An entire window filled with Absinthe and the paraphanelia attendant to its ritual beckons to the curious tourist. He hesitates, capitavated - looks about to see who might be watching - and bolts through the door!
Dubbed "the green fairy" it is an emerald color - distilled, highly alcoholic, anise-flavored spirit derived from herbs, flowers and medicinal leaves of Artemisia absinthium (wormwood).
Absintheurs typically add water to a dose of absinthe, which causes the drink to turn cloudy (called “louching”) - the same delightful metamorphosis happens when you add water to Pernod and it turns a bright, foggy chartreuse.
My introduction to absinthe was, indeed, a ritual. Once the absinthe was poured into a lovely stemmed glass, a slotted spoon was placed across the mouth of the glass - a small sugar cube placed on the spoon - absinthe poured over the sugar - the cube of sugar set aflame - and as it melted into the absinthe below, a little ice water was added. My taste buds were enchanted!
The ritual complete with special slotted absinthe spoons and other accoutrements is essential to the experience of drinking absinthe. The flavor is similar to anise-flavored liqueurs. If you like Pernod - you will love Absinthe!
Although it originated in Switzerland as an elixir, it is associated with France and Parisian artists and writers whose romantic link to the drink still lingers in pop culture. You will see a brand in the shop, Capri, with a portrait of Van Gogh. Was he an Absintheur, perhaps? At one time absinthe was portrayed as a dangerously addictive, psychoactive drug due to the chemical thujone. (Not my experience!)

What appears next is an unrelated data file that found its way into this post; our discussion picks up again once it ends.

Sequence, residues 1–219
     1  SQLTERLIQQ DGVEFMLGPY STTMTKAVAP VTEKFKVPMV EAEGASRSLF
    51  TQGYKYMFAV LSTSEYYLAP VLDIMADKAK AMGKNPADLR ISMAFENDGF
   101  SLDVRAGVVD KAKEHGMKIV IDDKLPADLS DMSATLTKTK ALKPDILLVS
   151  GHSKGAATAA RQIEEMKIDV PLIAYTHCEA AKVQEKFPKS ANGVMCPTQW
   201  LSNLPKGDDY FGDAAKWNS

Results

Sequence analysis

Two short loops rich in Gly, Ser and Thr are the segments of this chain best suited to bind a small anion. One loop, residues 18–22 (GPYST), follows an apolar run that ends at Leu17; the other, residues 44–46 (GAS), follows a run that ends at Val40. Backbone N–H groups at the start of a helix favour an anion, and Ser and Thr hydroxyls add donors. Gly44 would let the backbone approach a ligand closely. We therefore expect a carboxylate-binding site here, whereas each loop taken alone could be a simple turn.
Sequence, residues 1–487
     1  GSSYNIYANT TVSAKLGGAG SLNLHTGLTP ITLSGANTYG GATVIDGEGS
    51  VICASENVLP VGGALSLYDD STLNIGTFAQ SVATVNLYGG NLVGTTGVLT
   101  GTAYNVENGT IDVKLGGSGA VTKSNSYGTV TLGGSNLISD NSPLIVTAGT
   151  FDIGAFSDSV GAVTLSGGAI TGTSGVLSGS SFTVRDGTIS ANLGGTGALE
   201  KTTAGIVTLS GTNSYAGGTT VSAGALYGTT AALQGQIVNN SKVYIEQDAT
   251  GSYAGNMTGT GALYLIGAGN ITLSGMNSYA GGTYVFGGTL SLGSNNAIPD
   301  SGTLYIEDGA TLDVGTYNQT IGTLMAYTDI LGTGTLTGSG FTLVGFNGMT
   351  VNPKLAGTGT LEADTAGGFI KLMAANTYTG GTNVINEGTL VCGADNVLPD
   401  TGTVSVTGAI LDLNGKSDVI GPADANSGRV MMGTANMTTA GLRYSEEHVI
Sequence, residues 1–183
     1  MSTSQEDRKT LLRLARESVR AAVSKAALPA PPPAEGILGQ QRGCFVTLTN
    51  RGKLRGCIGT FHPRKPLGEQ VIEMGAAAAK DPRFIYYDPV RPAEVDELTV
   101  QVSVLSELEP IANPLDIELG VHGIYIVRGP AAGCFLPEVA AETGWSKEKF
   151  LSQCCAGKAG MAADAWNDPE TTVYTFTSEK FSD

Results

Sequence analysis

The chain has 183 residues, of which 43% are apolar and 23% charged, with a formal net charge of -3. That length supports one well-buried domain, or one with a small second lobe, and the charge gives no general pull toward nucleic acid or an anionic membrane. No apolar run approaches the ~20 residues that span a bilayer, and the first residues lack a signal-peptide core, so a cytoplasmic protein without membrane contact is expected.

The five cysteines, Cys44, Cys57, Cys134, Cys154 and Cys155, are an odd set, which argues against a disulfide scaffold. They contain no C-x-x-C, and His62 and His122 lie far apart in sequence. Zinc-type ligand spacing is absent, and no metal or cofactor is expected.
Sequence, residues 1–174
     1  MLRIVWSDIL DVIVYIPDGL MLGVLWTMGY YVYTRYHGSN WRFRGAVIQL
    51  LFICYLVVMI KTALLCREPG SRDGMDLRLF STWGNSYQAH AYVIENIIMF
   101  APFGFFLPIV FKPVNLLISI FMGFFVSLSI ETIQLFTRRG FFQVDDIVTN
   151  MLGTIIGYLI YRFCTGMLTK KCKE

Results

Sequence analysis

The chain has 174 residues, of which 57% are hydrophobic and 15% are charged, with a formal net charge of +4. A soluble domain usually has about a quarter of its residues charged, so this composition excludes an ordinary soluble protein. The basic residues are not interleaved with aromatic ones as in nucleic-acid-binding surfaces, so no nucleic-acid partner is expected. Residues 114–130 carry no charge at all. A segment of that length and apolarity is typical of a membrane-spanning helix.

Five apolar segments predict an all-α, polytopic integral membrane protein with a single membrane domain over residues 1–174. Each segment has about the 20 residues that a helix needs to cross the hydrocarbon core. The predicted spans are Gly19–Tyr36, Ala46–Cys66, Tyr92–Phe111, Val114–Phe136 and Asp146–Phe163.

By 1915 it was banned in a number of European countries and the United States. Even though it was vilified, no evidence shows it to be any more dangerous than ordinary alcohol although few modern medical studies have been completed. A modern absinthe revival began in the 1990s, as countries in the European Union began to reauthorize its manufacture and sale.
What to buy: Absinthe - they say they can send it to you in the U.S. but you cannot send it to yourself.
What to pay: A nice gift package - Absinthe, spoon, glass - costs 60 to 80 Euro
A whole building dedicated to ice cream? You are not dreaming, it's true! Fassi is this fantastic ice cream shop inside the Ice Building. It's a piece of history of Rome, and absolutely one of the best ice cream shops ever! Many options about flavours, cones and everything else. Can't leaved Rome without going there before!
What to buy: Ice cream, ANY
What to pay: from € 1,40 on
If you enlarge the picture you can see an Italian
mama waiting for the vendor to cut her
delicious dried ham , cut slice by slice at
the local market.
This was my favorite market in Rome from
the ones we visited. Also in a very nice neighbourhood. This one is in open air.
The stalls stay there day and night , but it
is only open in the morning till the early afternoon.
What to buy:
If your renting an appartment or staying in a
BB and got your own kitchen you can take
with you some of the meat specialities..
cheese , olives ...
We absolutely enjoyed the colorful stands and
What to pay:
Local market , local prices.
Do you want to take with you the real stuff ,
or are you going to pay loads for it at the airport. :-)
It's a small but famous bar. It's ice cream can really change your life. Absolutely the best ice cream you can ever eat. It won't give you a wide range of flavours options, but you can be sure that those ones they have, oh brother, they will make you think that life is wonderful.
What to buy: My favourite flavour is lemmon cream, but I have to admit that the best they do is dark chocolate. Don't eat them together because lemmon cream's taste is very delicate and it would disappear with that strong flavour of chocolate. Juste eat two ice creams!
What to pay: From € 1,30 on.
When we walked by the first time I was standing
still and staring inside. This bakery was some